In 2004, we derived the pulmonary embolism rule-out criteria (PERC), an eight-factor decision rule to support the decision not to order a diagnostic test for PE in patients for whom the clinician already had a low clinical suspicion for PE based on a gestalt impression [16]. The PERC criteria negative [PERC(−)] requires the clinician to answer ‘no’ to the following eight questions:

  • 1
    Is the patient older than 49 years of age?
  • 2
    Is the pulse rate above 99 beats min−1?
  • 3
    Is the pulse oximetry reading <95% while the patient breathes room air?
  • 4
    Is there a present history of hemoptysis?
  • 5
    Is the patient taking exogenous estrogen?
  • 6
    Does the patient have a prior diagnosis of venous thromboembolism (VTE)?
  • 7
    Has the patient had recent surgery or trauma? (Requiring endotracheal intubation or hospitalization in the previous 4 weeks.)
  • 8
    Does the patient have unilateral leg swelling? (Visual observation of asymmetry of the calves.)

We use the term very low risk to describe patients with the combination of both gestalt low suspicion and PERC(−). Each patient in the very low risk group should have a pretest probability of less than the test threshold for PE. The test threshold represents a numeric estimate of the pretest probability, which defines a point of equipoise: patients with a pretest probability lower than the test threshold should not benefit (and may even be harmed) from diagnostic testing. Using the method of Pauker and Kassirer, we have previously estimated the point of equipoise to be 2% (rounded to the nearest whole per cent) [16,17]. The ultimate goal is to produce an actual outcome frequency (i.e. a posterior probability) of VTE that is below 1%, as has been suggested to be the goal of a PE rule-out protocol [18]. We hypothesized that patients undergoing evaluation for possible PE, but who satisfied our definition of very low risk, would have a measured 45-day incidence of VTE(+) or death with an upper-limit 95% confidence interval (95% CI) below 2.0%.

Methods

  1. Top of page
  2. Abstract
  3. Introduction
  4. Methods
  5. Results
  6. Discussion
  7. Addendum
  8. Author contributions
  9. Acknowledgements
  10. Disclosure of Conflict of Interests
  11. References
  12. Appendix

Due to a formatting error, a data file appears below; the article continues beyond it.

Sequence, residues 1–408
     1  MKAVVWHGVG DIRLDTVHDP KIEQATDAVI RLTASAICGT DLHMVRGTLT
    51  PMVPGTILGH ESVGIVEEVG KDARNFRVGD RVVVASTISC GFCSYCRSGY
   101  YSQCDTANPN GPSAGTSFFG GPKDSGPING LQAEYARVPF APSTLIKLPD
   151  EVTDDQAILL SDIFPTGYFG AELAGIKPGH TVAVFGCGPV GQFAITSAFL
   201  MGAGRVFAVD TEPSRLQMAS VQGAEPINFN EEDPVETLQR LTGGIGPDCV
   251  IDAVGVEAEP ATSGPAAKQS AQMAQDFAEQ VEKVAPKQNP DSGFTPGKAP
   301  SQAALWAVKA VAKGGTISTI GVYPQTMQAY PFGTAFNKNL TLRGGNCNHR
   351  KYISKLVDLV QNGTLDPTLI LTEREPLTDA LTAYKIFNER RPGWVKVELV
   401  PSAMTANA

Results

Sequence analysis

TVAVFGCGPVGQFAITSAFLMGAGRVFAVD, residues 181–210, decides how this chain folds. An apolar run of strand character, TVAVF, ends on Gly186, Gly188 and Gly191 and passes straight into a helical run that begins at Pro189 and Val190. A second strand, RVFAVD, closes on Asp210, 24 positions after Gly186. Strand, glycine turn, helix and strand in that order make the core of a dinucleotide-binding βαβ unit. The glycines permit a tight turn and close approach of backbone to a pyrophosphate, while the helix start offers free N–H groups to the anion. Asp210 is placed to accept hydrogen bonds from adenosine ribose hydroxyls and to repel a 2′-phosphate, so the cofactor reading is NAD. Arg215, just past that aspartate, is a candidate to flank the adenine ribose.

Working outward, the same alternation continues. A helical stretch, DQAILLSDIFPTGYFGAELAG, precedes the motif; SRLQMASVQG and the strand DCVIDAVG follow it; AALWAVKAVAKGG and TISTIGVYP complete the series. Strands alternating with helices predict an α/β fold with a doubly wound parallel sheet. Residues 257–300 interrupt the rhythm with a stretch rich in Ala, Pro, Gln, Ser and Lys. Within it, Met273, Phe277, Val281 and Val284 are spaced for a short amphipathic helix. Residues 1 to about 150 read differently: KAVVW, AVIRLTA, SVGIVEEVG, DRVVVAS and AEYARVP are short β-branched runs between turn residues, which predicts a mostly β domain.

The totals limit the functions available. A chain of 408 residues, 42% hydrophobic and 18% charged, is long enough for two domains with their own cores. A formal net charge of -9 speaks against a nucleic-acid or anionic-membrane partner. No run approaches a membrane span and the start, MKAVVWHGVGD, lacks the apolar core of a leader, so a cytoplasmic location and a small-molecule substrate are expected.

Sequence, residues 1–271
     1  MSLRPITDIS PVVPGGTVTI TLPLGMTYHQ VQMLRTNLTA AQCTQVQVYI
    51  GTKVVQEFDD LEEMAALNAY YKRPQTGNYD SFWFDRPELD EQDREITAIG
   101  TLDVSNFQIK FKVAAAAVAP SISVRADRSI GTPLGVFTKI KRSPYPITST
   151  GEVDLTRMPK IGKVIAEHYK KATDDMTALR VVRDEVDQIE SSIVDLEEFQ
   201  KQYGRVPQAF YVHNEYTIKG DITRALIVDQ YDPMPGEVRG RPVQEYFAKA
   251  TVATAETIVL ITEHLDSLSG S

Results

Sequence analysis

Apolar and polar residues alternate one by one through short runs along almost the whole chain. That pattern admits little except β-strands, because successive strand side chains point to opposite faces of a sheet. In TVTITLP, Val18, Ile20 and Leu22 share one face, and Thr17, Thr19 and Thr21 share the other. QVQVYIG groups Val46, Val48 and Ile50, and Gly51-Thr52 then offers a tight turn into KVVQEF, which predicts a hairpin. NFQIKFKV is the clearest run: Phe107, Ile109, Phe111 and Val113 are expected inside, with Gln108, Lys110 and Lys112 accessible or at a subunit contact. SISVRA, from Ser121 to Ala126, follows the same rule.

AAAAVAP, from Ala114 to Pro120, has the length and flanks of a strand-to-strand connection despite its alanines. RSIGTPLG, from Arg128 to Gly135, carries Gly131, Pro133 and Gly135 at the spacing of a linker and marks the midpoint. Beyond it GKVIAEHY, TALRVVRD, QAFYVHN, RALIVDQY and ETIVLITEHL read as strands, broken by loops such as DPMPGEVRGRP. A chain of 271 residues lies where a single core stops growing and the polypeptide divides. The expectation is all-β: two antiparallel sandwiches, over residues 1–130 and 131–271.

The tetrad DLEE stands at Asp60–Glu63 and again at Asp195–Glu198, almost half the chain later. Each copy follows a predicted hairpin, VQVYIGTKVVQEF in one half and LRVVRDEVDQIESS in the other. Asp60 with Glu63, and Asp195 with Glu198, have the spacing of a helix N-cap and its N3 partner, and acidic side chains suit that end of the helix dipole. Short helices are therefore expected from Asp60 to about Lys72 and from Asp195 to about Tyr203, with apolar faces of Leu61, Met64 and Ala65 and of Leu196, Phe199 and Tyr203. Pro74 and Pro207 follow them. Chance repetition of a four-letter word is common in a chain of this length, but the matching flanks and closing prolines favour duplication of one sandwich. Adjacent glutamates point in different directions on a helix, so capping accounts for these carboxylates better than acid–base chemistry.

This was a prospective, non-interventional, multicenter study of patients presenting to the emergency department (ED) in 12 hospitals in the USA and one in Christchurch, New Zealand. Prior to the study initiation, a project manager traveled to each site (except New Zealand) in order to train site investigators and research associates on protocol methodology. This individual was then available full-time by telephone and e-mail, and, if needed, for face-to-face visits throughout the study duration as a resource to investigators. The study protocol was approved by the Institutional Review Boards for the conduct of research on humans and the Privacy Boards of all 13 hospitals. Patients were enrolled from July 1, 2003 until November 30, 2006. The event that triggered eligibility for enrollment was an order for an objective diagnostic test for PE, written by or under the supervision of a board-certified emergency physician. The decision to order this test was based upon information obtained from the initial history and physical examination, and medical records immediately available in the ED. We defined objective diagnostic testing for PE as either a pulmonary vascular imaging study [CT angiography or scintillation ventilation–perfusion (VQ) lung scanning] or a D-dimer assay ordered to evaluate for possible PE. Tests performed for suspected DVT only did not trigger enrollment. Pre-enrollment exclusions were as follows. (i) Clinician’s knowledge of a diagnostic positive pulmonary vascular imaging study performed within the previous 7 days. (ii) The patient indicated that the enrollment hospital was not his or her hospital system of choice for follow-up. (iii) Any circumstance that suggested that the patient would be lost to follow-up (e.g. homeless patients, patients with severe psychiatric disorders, patients who could not provide a reliable telephone number, international travelers, inmates in State or Federal penitentiaries, persons arrested for felonies). These exclusions were determined in the ED by qualified study personnel.